How long have you served on the board?
I was elected to the board in 2009 and then became Vice President in mid-term when Kat Aguiar resigned and left for Brazil. I was recently elected to a second term.
What particular “talent” or interest do you bring to the board?
I am a classical free-lancer and joined to represent those of us recently displaced ex-members of the Cincinnati Ballet Orchestra. I also spent many years in the North Carolina Symphony where we fought an uphill battle in being union musicians in a right-to-work state. I’ve seen enormous growth in the professionalism of being a musician. Since web design is one of my skills and interests, helping design the new afm1.org website was really exciting!
How old were you when you joined the union? I first joined Local 500 (Raleigh, NC) after I graduated from college in 1970, and in 1987 I transferred my membership to Local 1 when I moved to Cincinnati. I was 21!
What instrument (s) do you play? Flute, Piccolo, Alto flute, Baroque flute (traverso)
What kind of music do you play? I’m classically trained and also have a special interest in performing “historically informed” baroque music on original flutes, or copies.
Are any of your family members musician? My husband, James, is associate principal bass with the CSO and my son, Colin, recently graduated from Roosevelt University’s Chicago Conservatory of Performing Arts with a Masters in Cello Performance. My mother was an organist and pianist and we often played together when I was growing up. I loved having a built-in accompanist and I always remember hearing music in our house.
What interest or talent do you have that would be surprising to our members?
I do energy healing- I’m certified in Healing Touch and became a Registered Craniosacral Therapist in 2001.
What part of town do you live in? We’ve lived in Westwood for 26 years- the longest I’ve lived in one place!
State of the Union:
What are you most proud of doing in your time on the board? Since I’ve been on the board we have revised the Wage Scale, updated the Membership List and moved to a new and more pleasant office space. All these things have been rewarding to do, but I most enjoyed my participation in the major Constitution revision. We examined every last word and made sure every aspect was saying exactly what we want it to. I was so impressed with those who served on that committee and their dedication through many hours of meetings.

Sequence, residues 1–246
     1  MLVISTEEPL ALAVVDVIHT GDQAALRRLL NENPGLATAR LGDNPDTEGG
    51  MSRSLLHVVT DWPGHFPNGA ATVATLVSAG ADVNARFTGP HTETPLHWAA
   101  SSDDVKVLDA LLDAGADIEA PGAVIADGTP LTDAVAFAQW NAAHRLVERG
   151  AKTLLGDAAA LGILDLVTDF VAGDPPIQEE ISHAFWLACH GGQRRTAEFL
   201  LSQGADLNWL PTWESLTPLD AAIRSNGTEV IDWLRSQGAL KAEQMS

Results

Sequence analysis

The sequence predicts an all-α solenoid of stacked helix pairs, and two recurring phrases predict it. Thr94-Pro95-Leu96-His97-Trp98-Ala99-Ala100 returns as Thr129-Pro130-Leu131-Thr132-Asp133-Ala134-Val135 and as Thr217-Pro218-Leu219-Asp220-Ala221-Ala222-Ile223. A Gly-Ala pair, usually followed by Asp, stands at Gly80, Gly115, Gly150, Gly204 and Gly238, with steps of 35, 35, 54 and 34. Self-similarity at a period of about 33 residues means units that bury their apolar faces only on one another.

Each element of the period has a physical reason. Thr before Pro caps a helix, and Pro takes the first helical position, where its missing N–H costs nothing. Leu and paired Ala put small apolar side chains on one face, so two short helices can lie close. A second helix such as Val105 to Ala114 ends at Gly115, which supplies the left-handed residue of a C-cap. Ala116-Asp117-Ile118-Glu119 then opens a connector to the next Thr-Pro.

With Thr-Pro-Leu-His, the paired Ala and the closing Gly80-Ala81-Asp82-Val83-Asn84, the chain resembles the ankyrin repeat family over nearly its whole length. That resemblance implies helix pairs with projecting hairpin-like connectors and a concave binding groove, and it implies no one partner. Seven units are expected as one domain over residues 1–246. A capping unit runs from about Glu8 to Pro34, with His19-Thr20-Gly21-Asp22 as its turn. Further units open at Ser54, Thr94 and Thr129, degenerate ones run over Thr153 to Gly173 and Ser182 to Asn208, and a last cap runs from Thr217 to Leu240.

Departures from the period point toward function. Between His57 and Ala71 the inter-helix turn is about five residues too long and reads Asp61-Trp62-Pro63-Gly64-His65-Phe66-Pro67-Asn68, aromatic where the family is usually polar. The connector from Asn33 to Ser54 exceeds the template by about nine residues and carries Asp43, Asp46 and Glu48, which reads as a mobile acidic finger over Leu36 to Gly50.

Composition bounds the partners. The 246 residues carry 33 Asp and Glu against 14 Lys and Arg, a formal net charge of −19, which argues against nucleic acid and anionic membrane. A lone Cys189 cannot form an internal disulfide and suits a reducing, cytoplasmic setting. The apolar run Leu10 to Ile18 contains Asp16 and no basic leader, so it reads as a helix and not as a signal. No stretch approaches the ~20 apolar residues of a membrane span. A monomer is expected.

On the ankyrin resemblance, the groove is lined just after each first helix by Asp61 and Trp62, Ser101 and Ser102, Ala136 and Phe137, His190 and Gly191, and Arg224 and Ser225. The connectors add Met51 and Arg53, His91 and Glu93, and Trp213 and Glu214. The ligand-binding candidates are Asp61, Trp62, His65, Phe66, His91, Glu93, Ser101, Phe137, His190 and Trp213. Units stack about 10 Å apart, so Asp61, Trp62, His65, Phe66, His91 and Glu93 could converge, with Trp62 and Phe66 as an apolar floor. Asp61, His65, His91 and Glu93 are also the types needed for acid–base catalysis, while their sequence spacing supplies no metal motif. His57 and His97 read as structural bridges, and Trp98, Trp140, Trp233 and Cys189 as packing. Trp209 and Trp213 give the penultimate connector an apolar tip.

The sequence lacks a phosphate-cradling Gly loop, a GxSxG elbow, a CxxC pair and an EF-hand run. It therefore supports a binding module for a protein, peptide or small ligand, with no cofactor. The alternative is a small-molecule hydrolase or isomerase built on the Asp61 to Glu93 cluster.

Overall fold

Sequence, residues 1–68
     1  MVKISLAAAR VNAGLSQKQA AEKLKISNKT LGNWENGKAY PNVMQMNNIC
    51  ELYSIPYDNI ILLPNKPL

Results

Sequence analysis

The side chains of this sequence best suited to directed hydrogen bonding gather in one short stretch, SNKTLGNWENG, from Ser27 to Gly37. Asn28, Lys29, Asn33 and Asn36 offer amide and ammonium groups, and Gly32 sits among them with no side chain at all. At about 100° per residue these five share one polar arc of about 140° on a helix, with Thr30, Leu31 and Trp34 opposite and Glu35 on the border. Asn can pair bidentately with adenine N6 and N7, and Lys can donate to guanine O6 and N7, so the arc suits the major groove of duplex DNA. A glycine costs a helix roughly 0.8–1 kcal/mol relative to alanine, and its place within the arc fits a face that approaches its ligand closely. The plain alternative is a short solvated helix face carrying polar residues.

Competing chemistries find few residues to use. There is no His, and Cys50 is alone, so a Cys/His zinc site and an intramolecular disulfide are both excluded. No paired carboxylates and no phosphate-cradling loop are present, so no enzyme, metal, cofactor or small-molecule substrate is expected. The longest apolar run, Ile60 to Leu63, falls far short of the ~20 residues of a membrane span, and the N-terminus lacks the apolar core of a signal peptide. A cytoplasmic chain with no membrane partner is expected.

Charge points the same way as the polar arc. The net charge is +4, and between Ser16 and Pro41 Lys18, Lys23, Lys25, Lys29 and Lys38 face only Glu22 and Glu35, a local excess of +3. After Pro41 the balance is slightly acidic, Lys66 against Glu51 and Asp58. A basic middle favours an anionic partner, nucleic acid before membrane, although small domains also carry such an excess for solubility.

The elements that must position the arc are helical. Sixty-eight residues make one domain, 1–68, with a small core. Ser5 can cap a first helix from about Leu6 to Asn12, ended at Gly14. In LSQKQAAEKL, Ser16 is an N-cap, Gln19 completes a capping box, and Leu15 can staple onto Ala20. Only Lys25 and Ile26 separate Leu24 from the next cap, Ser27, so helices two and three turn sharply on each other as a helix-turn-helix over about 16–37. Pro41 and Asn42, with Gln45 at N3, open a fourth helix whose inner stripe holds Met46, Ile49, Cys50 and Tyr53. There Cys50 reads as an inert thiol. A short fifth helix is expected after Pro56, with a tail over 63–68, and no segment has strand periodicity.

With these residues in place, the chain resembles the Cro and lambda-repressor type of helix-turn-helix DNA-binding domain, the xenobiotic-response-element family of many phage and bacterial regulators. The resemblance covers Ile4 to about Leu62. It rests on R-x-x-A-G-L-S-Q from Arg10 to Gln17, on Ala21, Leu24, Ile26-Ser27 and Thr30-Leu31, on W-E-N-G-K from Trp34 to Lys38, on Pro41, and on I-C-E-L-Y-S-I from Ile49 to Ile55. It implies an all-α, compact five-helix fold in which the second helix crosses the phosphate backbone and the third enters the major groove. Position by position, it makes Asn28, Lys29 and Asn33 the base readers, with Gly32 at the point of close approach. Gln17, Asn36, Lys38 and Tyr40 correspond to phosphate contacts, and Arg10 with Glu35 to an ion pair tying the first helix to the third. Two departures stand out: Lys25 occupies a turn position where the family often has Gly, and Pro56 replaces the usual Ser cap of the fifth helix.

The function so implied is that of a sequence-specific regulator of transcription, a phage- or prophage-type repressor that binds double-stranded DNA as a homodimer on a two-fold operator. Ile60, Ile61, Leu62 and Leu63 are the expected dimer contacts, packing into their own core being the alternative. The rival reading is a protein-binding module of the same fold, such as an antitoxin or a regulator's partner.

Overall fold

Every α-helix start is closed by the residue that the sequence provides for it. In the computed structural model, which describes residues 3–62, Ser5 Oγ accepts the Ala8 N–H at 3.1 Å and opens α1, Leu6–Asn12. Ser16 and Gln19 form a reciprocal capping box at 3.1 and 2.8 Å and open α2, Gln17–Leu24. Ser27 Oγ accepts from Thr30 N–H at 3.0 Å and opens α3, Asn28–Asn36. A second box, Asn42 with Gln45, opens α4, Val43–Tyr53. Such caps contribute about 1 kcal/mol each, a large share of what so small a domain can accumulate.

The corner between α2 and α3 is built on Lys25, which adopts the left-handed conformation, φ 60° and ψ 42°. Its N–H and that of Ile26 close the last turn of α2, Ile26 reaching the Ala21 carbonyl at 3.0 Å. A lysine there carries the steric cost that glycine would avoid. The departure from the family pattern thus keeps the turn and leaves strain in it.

How have you seen the union change since you joined? Since i joined in 1971 the change as it affected my life has been dramatic. I saw my first job go from a 25 week a year, $125 a week income to a full-time, good-paying job with pension, health benefits, rehearsal and travel conditions and a growing respect for the musician as a bargaining unit. We couldn’t have done this without having the union behind us to form a collective bargaining unit.
What are the union’s biggest challenges? Sadly the economic climate of the country has been detrimental to growth in our chosen profession. Many of our orchestras have taken huge steps back to the “old days” and some of the managements have decided that bargaining with a union is an antagonistic relationship. As to free-lance work, much of this has dried up and there is much less hiring going on. We have been flexible in working with these conditions, which was and is important to continuin
What is your vision for the union in the coming years? Sadly, there seems to be a trend toward undoing a lot of what the last 40 years of unionism has been about. For all those years we were striving to make being a “musician” an honorable, professional and, while not lucrative, more in keeping with our training and skills. The anti-union attitude pervasive today is eroding these strides we’d made, and I am determined to make being a union member an honorable and honored membership. When I joined the board I lobbied to have the term “casual” musician changed to “free-lance” musician- and it worked! Change the words, change the attitude, or so I hoped anyway!